This work discusses nuclear magnetic relaxation effects in glycerol subject to a strong electric field. The methods used are 1.5 T magnetic resonance imaging (MRI), referenced by 9.4 T nuclear magnetic resonance (NMR). While MRI allows a glycerol probe to be sampled with a high voltage (HV) of 16 kV applied to the probe, NMR provides precise molecular data from the sample, but the sample cannot be tested under HV. Using MRI, the recording of magnetic relaxation times was possible while HV was applied to the glycerol. NMR spectroscopy was used to confirm that MRI provides a reasonably accurate estimation of temperature. The applied HV was observed to have a negligible effect on the spin-lattice relaxation time T1, which represents the energy release to the thermal bath or system enthalpy. In contrast to that, the spin-spin relaxation time T2, which does represent the local entropy of the system, shows a lower response to temperature while the liquid is electrically stressed. These observations point toward a proton population in electrically stressed glycerol that is more mobile than that found in the bulk, an observation that is in agreement with previously published results for water.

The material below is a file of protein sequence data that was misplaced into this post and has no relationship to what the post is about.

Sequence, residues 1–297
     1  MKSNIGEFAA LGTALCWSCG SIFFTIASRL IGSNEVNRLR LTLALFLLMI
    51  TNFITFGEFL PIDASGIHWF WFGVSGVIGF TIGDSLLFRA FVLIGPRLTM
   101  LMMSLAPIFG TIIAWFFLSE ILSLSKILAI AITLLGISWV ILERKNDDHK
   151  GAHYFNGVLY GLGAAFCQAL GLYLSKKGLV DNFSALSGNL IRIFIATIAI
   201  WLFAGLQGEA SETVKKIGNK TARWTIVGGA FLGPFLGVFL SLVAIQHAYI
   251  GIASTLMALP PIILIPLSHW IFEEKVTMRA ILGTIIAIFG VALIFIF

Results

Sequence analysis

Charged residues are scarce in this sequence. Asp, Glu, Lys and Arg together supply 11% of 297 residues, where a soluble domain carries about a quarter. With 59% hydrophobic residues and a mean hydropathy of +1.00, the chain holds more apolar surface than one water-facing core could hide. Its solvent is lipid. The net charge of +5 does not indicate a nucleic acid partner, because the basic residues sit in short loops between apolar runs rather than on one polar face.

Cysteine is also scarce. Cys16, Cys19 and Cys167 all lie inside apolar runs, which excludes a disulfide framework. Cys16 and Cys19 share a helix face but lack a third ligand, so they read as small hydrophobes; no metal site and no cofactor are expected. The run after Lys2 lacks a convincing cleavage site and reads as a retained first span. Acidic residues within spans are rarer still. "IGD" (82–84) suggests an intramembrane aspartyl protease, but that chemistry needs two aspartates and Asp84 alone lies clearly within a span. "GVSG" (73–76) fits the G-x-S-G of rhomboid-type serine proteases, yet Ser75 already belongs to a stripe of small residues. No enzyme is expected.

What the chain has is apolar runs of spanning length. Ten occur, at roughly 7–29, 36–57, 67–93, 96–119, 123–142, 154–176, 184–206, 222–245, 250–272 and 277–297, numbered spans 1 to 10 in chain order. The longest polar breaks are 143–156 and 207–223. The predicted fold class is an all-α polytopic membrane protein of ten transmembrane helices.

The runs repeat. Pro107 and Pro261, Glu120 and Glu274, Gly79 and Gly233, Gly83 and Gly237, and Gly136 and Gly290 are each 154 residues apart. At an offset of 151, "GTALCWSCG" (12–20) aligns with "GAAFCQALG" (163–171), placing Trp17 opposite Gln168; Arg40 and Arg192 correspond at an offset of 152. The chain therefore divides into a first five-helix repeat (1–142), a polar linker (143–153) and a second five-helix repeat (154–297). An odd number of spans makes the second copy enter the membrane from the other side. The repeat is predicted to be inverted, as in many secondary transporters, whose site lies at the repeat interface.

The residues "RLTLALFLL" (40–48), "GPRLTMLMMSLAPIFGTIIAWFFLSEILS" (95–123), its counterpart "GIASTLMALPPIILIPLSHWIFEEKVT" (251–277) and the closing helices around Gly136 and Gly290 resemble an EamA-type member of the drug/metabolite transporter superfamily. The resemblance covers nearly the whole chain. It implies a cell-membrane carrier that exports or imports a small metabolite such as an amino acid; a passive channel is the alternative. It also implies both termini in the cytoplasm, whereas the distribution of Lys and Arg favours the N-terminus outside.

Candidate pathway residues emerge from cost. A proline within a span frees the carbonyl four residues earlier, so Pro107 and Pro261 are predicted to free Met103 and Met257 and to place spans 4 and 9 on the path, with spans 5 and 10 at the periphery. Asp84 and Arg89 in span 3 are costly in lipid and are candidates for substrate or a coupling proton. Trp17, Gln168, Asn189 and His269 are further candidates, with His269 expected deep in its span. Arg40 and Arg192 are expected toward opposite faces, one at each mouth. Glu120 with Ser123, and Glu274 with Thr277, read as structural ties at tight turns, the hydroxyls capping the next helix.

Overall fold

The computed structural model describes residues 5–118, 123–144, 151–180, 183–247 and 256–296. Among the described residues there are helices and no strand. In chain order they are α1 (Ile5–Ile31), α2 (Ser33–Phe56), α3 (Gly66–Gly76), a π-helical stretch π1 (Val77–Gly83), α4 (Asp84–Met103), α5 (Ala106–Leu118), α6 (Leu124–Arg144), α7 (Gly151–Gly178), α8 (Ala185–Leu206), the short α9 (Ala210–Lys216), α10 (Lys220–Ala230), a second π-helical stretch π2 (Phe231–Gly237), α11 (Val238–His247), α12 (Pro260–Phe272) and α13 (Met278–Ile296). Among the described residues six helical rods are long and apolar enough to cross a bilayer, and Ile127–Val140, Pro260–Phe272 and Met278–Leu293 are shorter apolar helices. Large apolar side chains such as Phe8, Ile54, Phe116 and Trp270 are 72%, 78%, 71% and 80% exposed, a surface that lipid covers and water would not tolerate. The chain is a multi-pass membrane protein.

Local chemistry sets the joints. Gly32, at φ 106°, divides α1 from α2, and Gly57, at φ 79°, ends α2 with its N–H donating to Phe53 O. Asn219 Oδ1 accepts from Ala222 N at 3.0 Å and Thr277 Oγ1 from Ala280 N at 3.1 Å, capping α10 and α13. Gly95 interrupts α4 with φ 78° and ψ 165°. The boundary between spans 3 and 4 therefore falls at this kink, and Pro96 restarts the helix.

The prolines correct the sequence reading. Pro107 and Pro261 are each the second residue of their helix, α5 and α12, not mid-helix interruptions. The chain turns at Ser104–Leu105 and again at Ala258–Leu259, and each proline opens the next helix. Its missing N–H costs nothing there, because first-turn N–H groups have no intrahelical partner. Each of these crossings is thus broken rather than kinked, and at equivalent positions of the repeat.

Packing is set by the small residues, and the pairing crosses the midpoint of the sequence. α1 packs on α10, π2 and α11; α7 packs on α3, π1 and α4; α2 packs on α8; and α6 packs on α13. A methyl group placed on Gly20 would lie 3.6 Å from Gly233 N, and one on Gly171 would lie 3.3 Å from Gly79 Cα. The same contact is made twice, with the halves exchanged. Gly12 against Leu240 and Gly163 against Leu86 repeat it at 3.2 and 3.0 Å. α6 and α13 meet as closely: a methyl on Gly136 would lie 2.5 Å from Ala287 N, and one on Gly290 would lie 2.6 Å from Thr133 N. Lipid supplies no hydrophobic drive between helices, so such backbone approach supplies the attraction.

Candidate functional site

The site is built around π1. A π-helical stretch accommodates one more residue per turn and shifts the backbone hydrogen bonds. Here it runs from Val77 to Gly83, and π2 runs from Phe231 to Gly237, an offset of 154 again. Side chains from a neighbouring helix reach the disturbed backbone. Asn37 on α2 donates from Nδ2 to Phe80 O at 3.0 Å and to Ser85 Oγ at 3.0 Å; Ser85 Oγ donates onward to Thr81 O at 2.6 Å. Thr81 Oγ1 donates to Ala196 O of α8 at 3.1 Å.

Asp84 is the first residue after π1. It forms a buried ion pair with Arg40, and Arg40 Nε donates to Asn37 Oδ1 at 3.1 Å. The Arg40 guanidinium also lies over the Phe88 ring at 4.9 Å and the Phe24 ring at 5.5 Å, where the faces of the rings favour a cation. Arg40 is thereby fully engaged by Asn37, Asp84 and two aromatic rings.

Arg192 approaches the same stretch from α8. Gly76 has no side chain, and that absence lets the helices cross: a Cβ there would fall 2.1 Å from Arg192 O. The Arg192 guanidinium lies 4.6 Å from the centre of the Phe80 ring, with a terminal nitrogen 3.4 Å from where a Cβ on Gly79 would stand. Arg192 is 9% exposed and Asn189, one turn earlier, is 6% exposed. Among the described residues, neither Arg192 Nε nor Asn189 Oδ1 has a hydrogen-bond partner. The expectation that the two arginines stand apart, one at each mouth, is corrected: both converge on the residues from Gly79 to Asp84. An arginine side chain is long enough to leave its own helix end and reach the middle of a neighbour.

ASJC Scopus subject areas
- !!Chemical Engineering(all)